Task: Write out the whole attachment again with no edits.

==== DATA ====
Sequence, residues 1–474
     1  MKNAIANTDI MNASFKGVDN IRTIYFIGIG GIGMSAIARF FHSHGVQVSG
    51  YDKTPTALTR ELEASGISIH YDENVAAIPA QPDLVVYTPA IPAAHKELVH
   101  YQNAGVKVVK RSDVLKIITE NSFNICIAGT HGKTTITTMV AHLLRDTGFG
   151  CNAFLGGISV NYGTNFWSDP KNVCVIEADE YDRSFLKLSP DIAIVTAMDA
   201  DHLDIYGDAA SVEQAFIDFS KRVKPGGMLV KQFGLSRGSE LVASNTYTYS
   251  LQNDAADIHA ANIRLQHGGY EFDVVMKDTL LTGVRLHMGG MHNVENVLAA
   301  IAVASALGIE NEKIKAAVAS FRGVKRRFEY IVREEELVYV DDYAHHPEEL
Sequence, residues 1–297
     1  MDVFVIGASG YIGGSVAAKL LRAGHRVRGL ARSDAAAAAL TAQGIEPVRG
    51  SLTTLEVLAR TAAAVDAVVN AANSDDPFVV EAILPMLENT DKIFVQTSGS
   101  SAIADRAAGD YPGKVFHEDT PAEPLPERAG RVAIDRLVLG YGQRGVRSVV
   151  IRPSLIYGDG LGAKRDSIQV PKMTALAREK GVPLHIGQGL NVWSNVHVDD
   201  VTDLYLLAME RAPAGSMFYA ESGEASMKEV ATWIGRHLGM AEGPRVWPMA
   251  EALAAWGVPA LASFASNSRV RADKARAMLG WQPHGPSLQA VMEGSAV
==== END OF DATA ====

Sequence, residues 1–474
     1  MKNAIANTDI MNASFKGVDN IRTIYFIGIG GIGMSAIARF FHSHGVQVSG
    51  YDKTPTALTR ELEASGISIH YDENVAAIPA QPDLVVYTPA IPAAHKELVH
   101  YQNAGVKVVK RSDVLKIITE NSFNICIAGT HGKTTITTMV AHLLRDTGFG
   151  CNAFLGGISV NYGTNFWSDP KNVCVIEADE YDRSFLKLSP DIAIVTAMDA
   201  DHLDIYGDAA SVEQAFIDFS KRVKPGGMLV KQFGLSRGSE LVASNTYTYS
   251  LQNDAADIHA ANIRLQHGGY EFDVVMKDTL LTGVRLHMGG MHNVENVLAA
   301  IAVASALGIE NEKIKAAVAS FRGVKRRFEY IVREEELVYV DDYAHHPEEL
Sequence, residues 1–297
     1  MDVFVIGASG YIGGSVAAKL LRAGHRVRGL ARSDAAAAAL TAQGIEPVRG
    51  SLTTLEVLAR TAAAVDAVVN AANSDDPFVV EAILPMLENT DKIFVQTSGS
   101  SAIADRAAGD YPGKVFHEDT PAEPLPERAG RVAIDRLVLG YGQRGVRSVV
   151  IRPSLIYGDG LGAKRDSIQV PKMTALAREK GVPLHIGQGL NVWSNVHVDD
   201  VTDLYLLAME RAPAGSMFYA ESGEASMKEV ATWIGRHLGM AEGPRVWPMA
   251  EALAAWGVPA LASFASNSRV RADKARAMLG WQPHGPSLQA VMEGSAV